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The European Commission has found Amazon guilty of illegally distorting competition in online retail markets, prompting a second investigation into the e-commerce giant’s business practices.

Should the investigation conclude that the company had breached competition law, it could face a fine as high as 10% of its global turnover. The issue relates to big data and the way Amazon’s algorithm is used behind the scenes.

The European Commission published its statement of objections regarding the case yesterday.

As the EC explains, in July last year, it opened an in-depth investigation to assess Amazon’s use of sensitive data sourced from independent, third-party retailers operating on its marketplace.

The investigation started as a follow-up to our 2015 inquiry into e-commerce where we gathered a first insight on Amazon’s business practices. And we have now come to the preliminary conclusion that Amazon illegally abused its dominant position as a marketplace service provider in Germany and France – the biggest markets for Amazon in the EU,” – explains Executive Vice-President Vestager in the letter.

The EC analysed a data sample covering over 80 million transactions and around 100 million product listings on Amazon’s European marketplaces.

The investigation showed that real-time business data relating to third party sellers’ listings and transactions on the Amazon platform, systematically feed into the algorithms of Amazon’s retail business.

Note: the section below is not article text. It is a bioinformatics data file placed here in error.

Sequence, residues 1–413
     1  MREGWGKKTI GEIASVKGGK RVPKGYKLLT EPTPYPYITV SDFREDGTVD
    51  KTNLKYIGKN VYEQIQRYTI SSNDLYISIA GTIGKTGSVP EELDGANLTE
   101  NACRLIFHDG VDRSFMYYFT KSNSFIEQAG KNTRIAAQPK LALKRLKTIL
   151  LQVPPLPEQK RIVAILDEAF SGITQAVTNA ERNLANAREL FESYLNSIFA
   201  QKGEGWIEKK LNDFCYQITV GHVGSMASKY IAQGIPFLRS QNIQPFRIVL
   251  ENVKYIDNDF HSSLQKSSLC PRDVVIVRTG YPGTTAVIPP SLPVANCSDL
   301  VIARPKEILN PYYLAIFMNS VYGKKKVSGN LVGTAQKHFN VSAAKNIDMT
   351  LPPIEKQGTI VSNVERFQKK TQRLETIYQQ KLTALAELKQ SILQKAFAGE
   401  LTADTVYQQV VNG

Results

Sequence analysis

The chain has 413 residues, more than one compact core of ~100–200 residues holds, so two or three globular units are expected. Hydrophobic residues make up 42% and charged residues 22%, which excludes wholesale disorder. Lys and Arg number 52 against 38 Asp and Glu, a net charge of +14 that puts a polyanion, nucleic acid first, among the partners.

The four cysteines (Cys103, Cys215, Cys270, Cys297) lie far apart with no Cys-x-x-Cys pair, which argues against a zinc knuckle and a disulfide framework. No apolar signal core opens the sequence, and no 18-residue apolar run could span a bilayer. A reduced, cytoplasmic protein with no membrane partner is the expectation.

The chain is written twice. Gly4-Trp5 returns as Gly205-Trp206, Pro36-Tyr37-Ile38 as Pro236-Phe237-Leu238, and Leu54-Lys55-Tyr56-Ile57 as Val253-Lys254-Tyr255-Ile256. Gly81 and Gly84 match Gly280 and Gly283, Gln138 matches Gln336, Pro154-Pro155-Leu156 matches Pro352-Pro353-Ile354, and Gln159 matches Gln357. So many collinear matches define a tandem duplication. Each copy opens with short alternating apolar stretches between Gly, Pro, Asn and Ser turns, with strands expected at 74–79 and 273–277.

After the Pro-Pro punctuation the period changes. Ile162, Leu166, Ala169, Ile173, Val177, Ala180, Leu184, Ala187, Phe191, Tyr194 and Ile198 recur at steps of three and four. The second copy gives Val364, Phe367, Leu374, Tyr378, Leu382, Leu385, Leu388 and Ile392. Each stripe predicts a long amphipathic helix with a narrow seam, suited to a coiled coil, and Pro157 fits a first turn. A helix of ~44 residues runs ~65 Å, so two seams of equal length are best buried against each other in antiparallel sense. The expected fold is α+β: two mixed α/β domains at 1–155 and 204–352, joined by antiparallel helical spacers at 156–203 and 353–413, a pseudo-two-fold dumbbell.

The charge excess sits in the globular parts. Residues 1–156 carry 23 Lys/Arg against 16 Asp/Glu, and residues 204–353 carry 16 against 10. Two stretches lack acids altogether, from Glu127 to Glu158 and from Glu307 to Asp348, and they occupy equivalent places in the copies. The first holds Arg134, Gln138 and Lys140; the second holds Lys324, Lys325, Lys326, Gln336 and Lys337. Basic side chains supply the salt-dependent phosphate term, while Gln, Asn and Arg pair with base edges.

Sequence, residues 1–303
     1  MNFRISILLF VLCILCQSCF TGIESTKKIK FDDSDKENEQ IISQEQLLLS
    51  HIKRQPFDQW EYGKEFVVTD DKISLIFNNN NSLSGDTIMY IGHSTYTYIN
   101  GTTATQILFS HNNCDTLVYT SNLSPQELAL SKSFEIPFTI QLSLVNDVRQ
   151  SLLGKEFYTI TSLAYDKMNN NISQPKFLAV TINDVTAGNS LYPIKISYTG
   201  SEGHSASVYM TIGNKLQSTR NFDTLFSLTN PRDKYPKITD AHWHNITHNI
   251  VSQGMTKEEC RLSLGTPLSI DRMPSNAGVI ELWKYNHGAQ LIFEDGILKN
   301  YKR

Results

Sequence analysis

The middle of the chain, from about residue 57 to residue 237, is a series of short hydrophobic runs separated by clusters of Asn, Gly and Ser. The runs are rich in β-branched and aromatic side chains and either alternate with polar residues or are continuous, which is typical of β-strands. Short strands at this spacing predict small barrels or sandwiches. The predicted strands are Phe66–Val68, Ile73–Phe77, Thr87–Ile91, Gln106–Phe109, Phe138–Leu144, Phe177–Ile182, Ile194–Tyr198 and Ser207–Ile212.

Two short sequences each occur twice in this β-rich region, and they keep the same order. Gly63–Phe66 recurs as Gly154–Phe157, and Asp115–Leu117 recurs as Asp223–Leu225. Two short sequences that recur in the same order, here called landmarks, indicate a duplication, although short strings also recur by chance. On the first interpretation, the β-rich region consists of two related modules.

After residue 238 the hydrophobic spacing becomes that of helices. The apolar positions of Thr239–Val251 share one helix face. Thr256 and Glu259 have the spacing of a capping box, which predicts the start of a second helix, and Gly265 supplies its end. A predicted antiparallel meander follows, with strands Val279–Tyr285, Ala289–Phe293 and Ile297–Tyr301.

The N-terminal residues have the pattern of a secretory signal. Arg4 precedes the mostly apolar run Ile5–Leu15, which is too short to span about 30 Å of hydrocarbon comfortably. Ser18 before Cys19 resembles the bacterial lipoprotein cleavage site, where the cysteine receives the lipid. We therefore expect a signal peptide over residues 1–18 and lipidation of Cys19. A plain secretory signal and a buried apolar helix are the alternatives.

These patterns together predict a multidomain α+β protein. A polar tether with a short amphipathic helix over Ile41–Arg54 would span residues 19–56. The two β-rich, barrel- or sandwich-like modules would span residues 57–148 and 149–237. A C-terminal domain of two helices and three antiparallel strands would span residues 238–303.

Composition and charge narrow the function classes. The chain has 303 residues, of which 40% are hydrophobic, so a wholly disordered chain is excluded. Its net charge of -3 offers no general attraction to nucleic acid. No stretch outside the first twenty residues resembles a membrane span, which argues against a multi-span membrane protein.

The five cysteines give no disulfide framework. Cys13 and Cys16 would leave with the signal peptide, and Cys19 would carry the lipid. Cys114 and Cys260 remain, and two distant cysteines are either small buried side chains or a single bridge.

It is based on these algorithms that Amazon decides which new products to launch, the price of each individual offer, the management of inventories, and the choice of the best supplier for a product.

The commission’s concerns are not only about the insights Amazon Retail has into the sensitive business data of one particular seller. Rather, they are about the information Amazon Retail has on the accumulated business data of more than 800,000 active sellers in the EU, which covers more than a billion different products.

In other words, the case is about big data – states the letter.

„Marginalising third-party sellers and capping their ability to grow”

The EC investigation found that Amazon can use data from its third party sellers on the popularity of their different products, as well as the optimal price range for avoiding risk.

Furthermore, although Amazon only lists a minor share of all the products on the platform, it captures the lion’s share of the transactions in most product categories, the commission says.

In many of the most popular product categories, Amazon lists less than 10% of the products available on its platform, but makes 50% or more of all revenues in the category.

We have therefore come to the preliminary conclusion that the use of these data allows Amazon to focus on the sale of the best-selling products. This marginalises third-party sellers and caps their ability to grow” – the statement ends.


Photo credit: Mike Seyfang / Flickr

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